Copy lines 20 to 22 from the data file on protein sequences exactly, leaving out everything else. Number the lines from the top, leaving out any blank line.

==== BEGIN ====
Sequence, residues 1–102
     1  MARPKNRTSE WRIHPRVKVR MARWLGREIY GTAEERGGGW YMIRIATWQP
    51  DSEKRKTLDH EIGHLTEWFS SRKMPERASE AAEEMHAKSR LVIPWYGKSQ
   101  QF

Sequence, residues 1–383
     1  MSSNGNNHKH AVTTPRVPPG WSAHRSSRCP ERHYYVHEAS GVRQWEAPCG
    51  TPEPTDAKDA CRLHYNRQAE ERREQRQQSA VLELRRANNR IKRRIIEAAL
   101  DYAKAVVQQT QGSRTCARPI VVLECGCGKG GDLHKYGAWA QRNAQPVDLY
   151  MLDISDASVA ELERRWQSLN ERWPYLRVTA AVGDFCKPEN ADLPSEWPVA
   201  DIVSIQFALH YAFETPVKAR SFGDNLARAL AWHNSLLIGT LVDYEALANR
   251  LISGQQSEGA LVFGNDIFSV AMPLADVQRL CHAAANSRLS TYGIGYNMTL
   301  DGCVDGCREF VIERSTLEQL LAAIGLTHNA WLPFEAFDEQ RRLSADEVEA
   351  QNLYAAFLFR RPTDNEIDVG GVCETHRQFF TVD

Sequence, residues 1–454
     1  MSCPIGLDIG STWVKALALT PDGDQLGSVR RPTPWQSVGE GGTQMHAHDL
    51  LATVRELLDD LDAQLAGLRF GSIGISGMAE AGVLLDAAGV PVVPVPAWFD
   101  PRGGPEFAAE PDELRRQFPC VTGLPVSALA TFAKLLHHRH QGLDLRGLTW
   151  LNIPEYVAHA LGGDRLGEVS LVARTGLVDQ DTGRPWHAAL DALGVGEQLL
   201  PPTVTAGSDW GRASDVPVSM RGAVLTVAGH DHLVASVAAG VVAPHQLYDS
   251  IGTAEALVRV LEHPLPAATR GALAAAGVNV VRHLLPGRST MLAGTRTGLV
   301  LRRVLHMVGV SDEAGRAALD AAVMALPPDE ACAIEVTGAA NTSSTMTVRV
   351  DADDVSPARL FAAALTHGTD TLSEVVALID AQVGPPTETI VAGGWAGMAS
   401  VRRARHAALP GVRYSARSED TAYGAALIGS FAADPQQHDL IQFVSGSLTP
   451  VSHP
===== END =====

   251  IGTAEALVRV LEHPLPAATR GALAAAGVNV VRHLLPGRST MLAGTRTGLV
   301  LRRVLHMVGV SDEAGRAALD AAVMALPPDE ACAIEVTGAA NTSSTMTVRV
   351  DADDVSPARL FAAALTHGTD TLSEVVALID AQVGPPTETI VAGGWAGMAS